Guilt items. You know, those things you hang on to because you have to, not because you want to. The quilt Aunt Frankie made for you when you were 3. The small collection of statuettes that your brother’s wife has bought for you over the years. Hand me down linens that don’t match anything. Those things that sit in your closet, unused and unloved, year after year.
Getting rid of these things can be hard.
After my dad died in 1999, we kept a large number of things that we didn’t want, but we didn’t feel right getting rid of, either. Several years later, I was ready to let some of those things go, but have hung on to others. They sit in the closet next to the ugly Christmas gifts I hate but keep just in case I’m asked about them some day.
As we were going through things at my mom’s house, we gathered a sizeable collection of things my grandfather (who also passed away recently – on New Year’s Eve actually) made. He was a woodworker. These things, well, they go great with his house, which was remodeled in the 70s. They looked good at my childhood home, a 70s-era house decorated in the 80s. They looked OK in my mom’s house, which I really can’t define in terms of style other than to say that it’s completely opposite mine. The thing is, they won’t look good in my house.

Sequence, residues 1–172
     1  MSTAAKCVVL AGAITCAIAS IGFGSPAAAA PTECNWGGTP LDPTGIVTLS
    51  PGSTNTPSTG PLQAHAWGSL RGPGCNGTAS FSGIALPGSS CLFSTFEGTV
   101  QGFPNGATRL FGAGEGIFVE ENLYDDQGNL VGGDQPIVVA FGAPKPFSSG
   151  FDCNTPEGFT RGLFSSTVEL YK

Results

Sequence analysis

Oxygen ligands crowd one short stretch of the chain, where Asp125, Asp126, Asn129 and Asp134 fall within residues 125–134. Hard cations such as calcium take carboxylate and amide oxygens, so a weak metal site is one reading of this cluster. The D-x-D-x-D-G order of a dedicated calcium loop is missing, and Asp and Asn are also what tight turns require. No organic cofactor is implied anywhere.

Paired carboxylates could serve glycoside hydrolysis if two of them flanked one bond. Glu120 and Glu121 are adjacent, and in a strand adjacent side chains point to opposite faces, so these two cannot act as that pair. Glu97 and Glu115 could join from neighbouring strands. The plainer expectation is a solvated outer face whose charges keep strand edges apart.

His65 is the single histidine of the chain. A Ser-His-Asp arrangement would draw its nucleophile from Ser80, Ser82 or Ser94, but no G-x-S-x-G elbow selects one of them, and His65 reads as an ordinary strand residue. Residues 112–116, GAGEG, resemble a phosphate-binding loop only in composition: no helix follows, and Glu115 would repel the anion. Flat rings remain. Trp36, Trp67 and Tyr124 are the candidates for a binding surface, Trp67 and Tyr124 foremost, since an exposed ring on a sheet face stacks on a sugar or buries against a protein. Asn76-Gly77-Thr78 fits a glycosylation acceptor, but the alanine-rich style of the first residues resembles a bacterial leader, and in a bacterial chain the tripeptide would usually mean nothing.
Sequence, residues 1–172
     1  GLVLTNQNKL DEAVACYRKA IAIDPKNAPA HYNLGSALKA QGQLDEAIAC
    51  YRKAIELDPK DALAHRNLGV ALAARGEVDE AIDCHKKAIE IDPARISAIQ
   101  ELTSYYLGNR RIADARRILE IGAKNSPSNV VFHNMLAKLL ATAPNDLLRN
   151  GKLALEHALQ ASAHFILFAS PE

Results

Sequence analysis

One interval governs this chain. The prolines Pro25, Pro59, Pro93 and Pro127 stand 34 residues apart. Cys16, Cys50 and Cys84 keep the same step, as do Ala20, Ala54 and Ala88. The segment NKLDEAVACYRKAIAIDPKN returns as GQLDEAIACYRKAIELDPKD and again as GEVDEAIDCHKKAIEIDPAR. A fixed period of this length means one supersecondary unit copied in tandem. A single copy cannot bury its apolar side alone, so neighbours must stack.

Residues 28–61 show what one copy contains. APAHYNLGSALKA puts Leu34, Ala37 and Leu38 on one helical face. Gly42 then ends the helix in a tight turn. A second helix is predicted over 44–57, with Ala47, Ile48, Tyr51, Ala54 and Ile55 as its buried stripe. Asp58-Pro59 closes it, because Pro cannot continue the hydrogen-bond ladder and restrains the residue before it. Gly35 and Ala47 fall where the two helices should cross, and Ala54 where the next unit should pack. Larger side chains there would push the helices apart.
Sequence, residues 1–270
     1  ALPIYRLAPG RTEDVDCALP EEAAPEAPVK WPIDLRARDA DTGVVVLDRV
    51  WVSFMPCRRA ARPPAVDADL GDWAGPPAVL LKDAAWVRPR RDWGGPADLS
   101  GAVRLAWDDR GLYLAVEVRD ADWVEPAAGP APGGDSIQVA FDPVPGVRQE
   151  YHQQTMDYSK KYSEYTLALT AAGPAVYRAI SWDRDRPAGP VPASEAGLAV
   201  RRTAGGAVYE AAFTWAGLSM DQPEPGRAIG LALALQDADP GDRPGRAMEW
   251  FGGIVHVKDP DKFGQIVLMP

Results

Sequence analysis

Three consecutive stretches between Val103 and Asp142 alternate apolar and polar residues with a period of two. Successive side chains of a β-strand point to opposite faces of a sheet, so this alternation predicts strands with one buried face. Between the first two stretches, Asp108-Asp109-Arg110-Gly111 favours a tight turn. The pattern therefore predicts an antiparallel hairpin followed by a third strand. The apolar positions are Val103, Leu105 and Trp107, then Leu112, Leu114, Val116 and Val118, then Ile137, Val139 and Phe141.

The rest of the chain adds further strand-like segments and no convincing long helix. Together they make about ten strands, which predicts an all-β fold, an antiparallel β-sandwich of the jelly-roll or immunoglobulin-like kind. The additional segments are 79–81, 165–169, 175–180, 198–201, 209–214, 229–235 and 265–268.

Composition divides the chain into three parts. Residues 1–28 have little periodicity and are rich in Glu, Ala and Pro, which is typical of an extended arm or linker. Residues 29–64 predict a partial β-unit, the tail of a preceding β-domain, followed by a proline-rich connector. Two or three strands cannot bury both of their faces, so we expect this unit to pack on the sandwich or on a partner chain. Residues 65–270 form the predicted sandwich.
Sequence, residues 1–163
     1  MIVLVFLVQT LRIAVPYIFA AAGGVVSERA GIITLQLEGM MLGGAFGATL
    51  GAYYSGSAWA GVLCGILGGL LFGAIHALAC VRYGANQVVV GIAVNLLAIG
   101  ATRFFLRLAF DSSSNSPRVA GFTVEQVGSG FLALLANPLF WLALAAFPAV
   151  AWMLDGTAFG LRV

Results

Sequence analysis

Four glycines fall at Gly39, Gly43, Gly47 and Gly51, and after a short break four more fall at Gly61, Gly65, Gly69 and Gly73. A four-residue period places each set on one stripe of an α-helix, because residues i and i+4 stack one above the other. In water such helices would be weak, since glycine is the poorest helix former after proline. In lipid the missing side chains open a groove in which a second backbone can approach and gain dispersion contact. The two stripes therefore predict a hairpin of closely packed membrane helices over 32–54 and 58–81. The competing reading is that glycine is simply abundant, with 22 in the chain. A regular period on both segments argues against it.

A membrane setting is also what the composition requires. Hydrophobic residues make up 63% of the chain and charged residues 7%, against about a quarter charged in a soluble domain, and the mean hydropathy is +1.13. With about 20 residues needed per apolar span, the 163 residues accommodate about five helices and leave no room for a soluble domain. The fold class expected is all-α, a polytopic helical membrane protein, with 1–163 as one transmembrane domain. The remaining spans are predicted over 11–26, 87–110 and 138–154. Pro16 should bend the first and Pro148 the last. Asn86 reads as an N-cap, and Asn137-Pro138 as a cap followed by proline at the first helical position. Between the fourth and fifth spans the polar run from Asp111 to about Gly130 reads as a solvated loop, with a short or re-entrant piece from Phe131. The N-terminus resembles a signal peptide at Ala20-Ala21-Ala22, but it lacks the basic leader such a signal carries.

And I really don’t want them in my home. I want to want them. But I don’t.
When my aunt drove down to pick up some furniture, we showed her this collection of things. She picked out one thing for herself, and two things for my other aunt. One item was already destined to go to a cousin. The rest, she didn’t want. And these were things made by her recently deceased father. And seeing her decide to keep just one meaningful item and then have no guilt about leaving the rest really helped me get over my fear of letting go of these things.
They’re just things. Keeping them out of guilt is not healthy. They may as well go to someone who will love them, who will use them, who will enjoy them and want to look at them every day.
So when we close up my mom’s house and turn the keys over to the bank, who will be taking care of the sale of the house for us as well as auctioning off what remains, a sizeable chunk of handmade woodwork will still be inside. And I’m ok with that now.
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